The play is short, only 30 minutes, but as there is no set there is no problem with sight lines, so the cheapest seats would be as good as the best if you are worried about value for money.

I loved this, and recommend it.

Posted in Opera

June 22: Cave

I spent a less than happy half hour trying to find the venue for “Cave”. The Printworks is an old industrial site in the back woods of Bermondsey, nowadays apparently used as a nightclub. The security staff certainly looked like nightclub bouncers.

Once inside, I was amazed at the immensity of the place. A vast, empty, galleried warehouse, with a floor of what seemed to be wood shavings, and sheets of white plastic hung from the highest ceiling I’ve seen outside of a cathedral. There was no sign of an orchestra or stage, and seating consisted of a few rows of wooden chairs (the posh seats), a back row of high plastic bar stools (the cheap seats), and for some poor souls, a standing spot on a high balcony.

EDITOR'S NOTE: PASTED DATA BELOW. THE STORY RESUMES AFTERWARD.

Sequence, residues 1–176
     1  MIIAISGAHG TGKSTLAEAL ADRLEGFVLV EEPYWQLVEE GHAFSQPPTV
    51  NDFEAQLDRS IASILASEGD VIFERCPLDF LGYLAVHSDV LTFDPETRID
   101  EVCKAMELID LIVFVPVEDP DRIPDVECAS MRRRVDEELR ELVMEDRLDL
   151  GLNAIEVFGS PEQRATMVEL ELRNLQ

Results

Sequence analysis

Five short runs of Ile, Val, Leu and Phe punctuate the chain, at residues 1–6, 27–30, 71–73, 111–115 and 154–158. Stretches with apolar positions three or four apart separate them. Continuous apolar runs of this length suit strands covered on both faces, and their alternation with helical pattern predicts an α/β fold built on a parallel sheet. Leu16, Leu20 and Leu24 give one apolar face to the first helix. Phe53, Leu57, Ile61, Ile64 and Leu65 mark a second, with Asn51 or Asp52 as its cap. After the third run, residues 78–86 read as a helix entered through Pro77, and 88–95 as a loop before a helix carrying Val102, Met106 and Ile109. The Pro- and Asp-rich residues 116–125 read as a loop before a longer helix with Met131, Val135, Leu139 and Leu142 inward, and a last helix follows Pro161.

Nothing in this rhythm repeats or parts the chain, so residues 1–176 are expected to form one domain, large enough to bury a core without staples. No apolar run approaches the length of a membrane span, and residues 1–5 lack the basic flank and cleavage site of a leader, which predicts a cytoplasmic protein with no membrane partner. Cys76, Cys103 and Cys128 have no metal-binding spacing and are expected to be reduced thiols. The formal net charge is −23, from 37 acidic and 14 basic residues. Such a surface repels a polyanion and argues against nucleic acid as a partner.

The performance space turned out to be the long wood-shaving carpeted corridor. And it was a long corridor. At times there was action at both ends, which meant a lot of tennis-match style swivelling to see the action, and the orchestra were hidden behind a sheet to begin with, which was odd.

This was modern opera, with modern music. No songs, but an excellent performance by the tenor, Mark Padmore, who was on stage and singing (mostly solo) for the entire performance.

The concept was good. The aftermath of a climate change disaster; a father dreaming of his eco-warrior daughter at various stages of her life. I felt the interlude with the adult daughter fell flat, but the scenes with the child daughter were good.